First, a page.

Football can be a cruel and a sadistically repetitive sport.
Very few teams experience the joy of success. Managers get sacked. Star players move on.
Yet despite the sport's penchant for everything cyclic, the maxim "once bitten, twice shy" somehow does not seem to ring true with football supporters.
Liverpool fans are not happy.
Quite why many are so shocked, however, is a mystery.
The club have been through this before. Kevin Keegan and Ian Rush were sold at the height of their, and the club's, powers to Hamburg and Juventus. In more recent and austere times, local lads Steve McManaman and Michael Owen both concocted dream moves to Real Madrid by running down their contracts at Anfield.
Finally, and most unforgivably, Fernando Torres committed the ultimate sin – in the eyes of Reds fans – by joining bitter rivals Chelsea halfway through the 2010/11 season.
It happens, you move on. After all, no player is bigger than the club.
It is precisely the relative freshness in the memory of Torres's betrayal that makes the surprise at Suarez's statements, if not the anger, hard to comprehend.
Of course, in many ways that anger is perfectly understandable.
Suarez is, by some distance, the club's best player and one of world's top strikers. He is almost irreplaceable.
His exhaustively chronicled misdemeanours may have become increasingly difficult to defend, but the club continued to stand by him, often at the cost of their own reputation and credibility. Surely, this is no way to repay Liverpool Football Club?
In truth, his desire to move on is perfectly understandable, even if he is now using the dark arts of deception off the pitch just as well as he does on it.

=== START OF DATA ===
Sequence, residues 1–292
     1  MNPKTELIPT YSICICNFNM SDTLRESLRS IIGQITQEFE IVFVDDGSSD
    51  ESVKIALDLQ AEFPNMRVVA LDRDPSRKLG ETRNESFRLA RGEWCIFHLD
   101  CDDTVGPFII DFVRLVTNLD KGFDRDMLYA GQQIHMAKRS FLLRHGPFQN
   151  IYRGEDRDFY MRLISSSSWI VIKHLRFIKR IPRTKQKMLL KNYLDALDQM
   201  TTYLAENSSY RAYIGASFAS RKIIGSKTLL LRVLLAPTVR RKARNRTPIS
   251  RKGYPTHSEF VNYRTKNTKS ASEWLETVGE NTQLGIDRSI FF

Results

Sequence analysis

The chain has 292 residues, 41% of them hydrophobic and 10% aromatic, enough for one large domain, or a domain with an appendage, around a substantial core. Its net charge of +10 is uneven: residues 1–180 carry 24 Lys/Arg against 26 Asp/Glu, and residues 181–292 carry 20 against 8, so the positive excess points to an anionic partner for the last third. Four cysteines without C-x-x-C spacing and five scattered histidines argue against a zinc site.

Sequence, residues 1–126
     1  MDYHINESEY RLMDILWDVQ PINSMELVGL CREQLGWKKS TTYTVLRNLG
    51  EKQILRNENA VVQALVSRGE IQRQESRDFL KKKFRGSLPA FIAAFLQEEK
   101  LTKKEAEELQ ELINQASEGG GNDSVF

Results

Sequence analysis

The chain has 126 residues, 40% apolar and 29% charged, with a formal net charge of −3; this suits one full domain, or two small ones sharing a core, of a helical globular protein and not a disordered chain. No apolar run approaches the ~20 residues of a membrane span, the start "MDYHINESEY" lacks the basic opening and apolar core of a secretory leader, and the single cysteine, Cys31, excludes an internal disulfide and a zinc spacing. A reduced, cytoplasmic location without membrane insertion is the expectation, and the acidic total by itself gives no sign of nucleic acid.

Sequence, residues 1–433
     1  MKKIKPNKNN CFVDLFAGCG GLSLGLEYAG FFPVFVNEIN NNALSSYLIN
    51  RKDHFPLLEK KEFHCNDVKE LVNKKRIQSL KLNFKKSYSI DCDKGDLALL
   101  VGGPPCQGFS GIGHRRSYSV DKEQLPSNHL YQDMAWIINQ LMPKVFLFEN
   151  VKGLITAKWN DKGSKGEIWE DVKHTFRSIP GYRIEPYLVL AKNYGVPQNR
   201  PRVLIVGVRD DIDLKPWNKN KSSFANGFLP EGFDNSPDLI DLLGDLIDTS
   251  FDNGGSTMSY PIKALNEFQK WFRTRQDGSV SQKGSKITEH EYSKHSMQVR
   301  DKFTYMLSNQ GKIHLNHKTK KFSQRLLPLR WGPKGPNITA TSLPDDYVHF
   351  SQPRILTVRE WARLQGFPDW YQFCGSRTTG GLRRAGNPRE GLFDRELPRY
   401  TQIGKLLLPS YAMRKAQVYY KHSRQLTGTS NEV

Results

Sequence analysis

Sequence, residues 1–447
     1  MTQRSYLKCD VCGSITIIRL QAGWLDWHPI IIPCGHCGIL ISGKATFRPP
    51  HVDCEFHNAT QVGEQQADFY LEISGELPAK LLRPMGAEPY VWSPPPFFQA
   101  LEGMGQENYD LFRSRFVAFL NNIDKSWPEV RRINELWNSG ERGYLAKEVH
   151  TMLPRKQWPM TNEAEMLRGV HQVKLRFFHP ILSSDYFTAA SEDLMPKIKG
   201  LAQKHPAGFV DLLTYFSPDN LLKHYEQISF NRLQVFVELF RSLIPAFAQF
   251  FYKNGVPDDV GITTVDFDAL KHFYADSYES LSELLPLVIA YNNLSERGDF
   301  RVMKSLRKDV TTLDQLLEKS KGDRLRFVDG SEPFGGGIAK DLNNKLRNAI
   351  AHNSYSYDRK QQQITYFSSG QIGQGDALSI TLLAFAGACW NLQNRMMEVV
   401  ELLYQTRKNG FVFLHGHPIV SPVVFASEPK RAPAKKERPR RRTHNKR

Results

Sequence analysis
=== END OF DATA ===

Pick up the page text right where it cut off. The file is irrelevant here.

There is no middle ground with Suarez. Loved by Liverpool and Uruguay fans, hated by everyone else. While there will be few sympathisers, Suarez's claim that the English media have conducted a witch hunt against him is not unfounded either.
It is telling that one of English football's brightest pundits, Gary Neville – a former Manchester United stalwart who in his autobiography expressed his staunch dislike for United's bitter rivals, Liverpool – spoke the most sense about Suarez, suggesting much of the media's reaction towards him was over the top.
But perhaps the most upsetting thing for Liverpool supporters is the knowledge, deep down, that Suarez's decision is a footballing one. As one of the world's best players, he believes he should be competing in the Uefa Champions League, and that will not happen at Liverpool for least another season and possibly more. Parting ways, sometimes, is best for all concerned.
But supporters of all clubs continue to act like scorned lovers when star players seek a transfer. Arsenal fans, who have now enjoyed Champions League participation for 16 successive seasons, for years have had to put up with seeing star players leave almost annually, and never more painfully than when Robin van Persie joined Manchester United last summer.
United themselves were dealt a reality check when Wayne Rooney almost forced through a transfer to neighbours Manchester City in October 2010, before being convinced to change his mind by Sir Alex Ferguson, and by a huge pay rise, too.
Despite his declarations of love for Liverpool, as Torres made before him, Suarez may soon be on his way. It has been said before but bears repeating: professional footballers, with a few notable exceptions, generally do not, nor should they be expected to, have the blind loyalty that is a characteristic of supporters.
Football is just a job to them, as painful as that may sound to fans who naively believe they share a sacred bond with those whose wages they pay.
A Liverpool supporters website earlier this week asked its Twitter followers to send in their reasons why "#suarezowes" Liverpool. The unwavering support of fans, players and managers; and the damage caused to the club's reputation, were the most representative of the responses.
But, encouragingly, many agreed that "#suarezowes nothing" beyond an imminent big transfer fee and, with surprising frankness, that he deserves to be playing at the "highest level" – the Champions League.
Suarez might come to realise that he does owe Liverpool another season, and if that happens, all will be forgiven. Until next time.
If or when he agitates for a move next, expect anger and disbelief to be the order of the day over a player who, once again, is seen to be biting the hand that feeds.
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